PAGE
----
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I am using 64 bit Vista but as a consultant I find it very frustrating when clients use proprietary(Cisco usually) VPN software that will only work with a 32 bit OS. I am not interested in a dual booting solution. I don't mind using a VM however, I find that some proprietary(Cisco usually) VPN software doesn't "enjoy" running in a XP or Vista 32 bit VM environment.

Anybody have any suggestions?

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5 Answers 5

up vote 4 down vote accepted
+50

I had the exact same problem with using my works VPN. The cisco client was then only 32bit.

I found the NCP Secure Entry Client works perfectly on Vista 64bit.

It did take some experimentation with a few configuration settings to get it running. But I've been using it now for more then a year, and can recommend it.

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Since Cisco's VPN client doesn't even work reliably on a 32-bit system I have been exploring other alternatives recently. I didn't try the NCP Secure Entry Client because of cost, but the Shrew Soft VPN Client is a cost-free alternative. It is a little hard to set up and may require a little experimentation, though.

I endured a little pain in using a FreeBSD VM with vpnc to route my host system through. Wasn't suitable for what I was doing, though (latency kills playing games, unfortunately [yes, I know, I should be working ...]).

ETA (2009-11-16): The Cisco AnyConnect client apparently works even on 64-bit Windows and is at least compatible with some older VPN concentrators. However, I had some issues again on Windows 7 32-bit where it sometimes connects and sometimes refuses to, even though the "normal" Cisco VPN client works fine.

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what version of the client? I've never seen an issue with it going back to 2005 –  warren Sep 5 '09 at 11:41
    
5.0.00.0320, 5.0.00.0340, 5.0.01.0600, 5.0.02.0090, 5.0.04.0300. Pre-v5 didn't support Vista anyway. Enough versions? :-) –  Joey Sep 5 '09 at 12:17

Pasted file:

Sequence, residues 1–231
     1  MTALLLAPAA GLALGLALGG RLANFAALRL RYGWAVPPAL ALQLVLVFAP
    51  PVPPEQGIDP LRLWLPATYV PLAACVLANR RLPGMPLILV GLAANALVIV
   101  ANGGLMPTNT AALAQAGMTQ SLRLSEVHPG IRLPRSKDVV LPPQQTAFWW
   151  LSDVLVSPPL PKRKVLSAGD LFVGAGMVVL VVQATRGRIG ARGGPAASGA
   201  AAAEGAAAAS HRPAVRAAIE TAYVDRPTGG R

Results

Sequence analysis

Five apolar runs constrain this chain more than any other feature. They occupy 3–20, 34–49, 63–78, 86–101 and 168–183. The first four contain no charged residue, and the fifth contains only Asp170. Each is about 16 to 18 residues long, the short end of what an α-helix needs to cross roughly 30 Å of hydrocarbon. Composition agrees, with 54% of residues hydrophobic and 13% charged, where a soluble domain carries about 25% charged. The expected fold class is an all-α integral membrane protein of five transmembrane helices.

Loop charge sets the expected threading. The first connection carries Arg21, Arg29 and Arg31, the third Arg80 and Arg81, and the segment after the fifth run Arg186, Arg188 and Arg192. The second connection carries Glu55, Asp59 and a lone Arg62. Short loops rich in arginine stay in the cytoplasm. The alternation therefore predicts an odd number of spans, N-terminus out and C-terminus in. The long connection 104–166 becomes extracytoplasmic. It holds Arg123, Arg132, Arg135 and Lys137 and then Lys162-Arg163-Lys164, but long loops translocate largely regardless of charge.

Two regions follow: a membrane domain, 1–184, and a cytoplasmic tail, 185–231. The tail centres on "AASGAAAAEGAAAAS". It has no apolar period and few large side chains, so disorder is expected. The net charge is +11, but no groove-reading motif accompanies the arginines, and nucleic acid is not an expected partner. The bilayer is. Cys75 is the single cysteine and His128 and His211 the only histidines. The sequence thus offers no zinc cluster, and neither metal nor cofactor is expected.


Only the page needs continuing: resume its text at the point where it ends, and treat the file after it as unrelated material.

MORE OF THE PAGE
I've used the Cisco VPN client software in a Windows XP 32-bit VM running on VMware on a Windows Vista 64-bit host. The VPN software works flawlessly, and never complains about not enjoying itself :-) In fact, if I couldn't get the VPN client to work reliably in the VM, I wasn't about to upgrade my main PC to Vista 64-bit. But it worked, and I did, and now I have 8GB RAM.

The other issue running the VPN in a VM solved for me was that I could never print to my network-based printer when I was connected to the VPN, since the VPN client insisted on turning off access to the local network whilst VPN'd to the remote network. Now, I can print to a local PDF or XPS printer in the XP guest OS, copy the file to the host Vista OS, then send the file to the printer.

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1  
The Cisco VPN client apparently (at least here) only shuts off IPv4 access on the NIC that is used for the VPN connection. IPv6 still works fine. Maybe your printer supports it which might provide a workaround. –  Joey Jul 15 '09 at 23:56
    
(sorry for the edit, I mistakenly edited the wrong answer) –  Joey Nov 16 '09 at 15:03
    
You rolled back, so no problem :-) –  Chris W. Rea Nov 16 '09 at 15:43

Here is a Serverfault question reference that mentions some of the answers already on this question.

The Cisco VPN Client FAQ also refers the Cisco AnyConnect Client
with notes about it being available only for registered customers (this should be reconfirmed).

  1. While the AnyConnect limits to SSL VPN connections
  2. The Shrew Soft client seems to be for IPSec VPN connections (and it is freeware)
  3. NCP clients are also IPSec (and not freeware)
  4. Things might also get easier if you have the option to configure the Cisco for PPTP
    (Cisco PPTP faq)

It seems, if you are comfortable with a IPSec VPN client, Shrew Soft would be a good choice.

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Tried Shrew Soft and I am not a fan. Install failed and then computer wouldnt boot until I booted into safe mode and deleted some sys files shrew installed. –  blank Sep 28 '09 at 12:36

I installed the ShrewSoft client and had no probs at all with IPSec. Using Win7 on 64bit, I imported my .pcf file and it connected quite happily. Note that it seems to time out when trying to connect to servers using dns name, better to just use the IP address (although that could be due to the fact that I use a mobile phone for my connection more than anything else).

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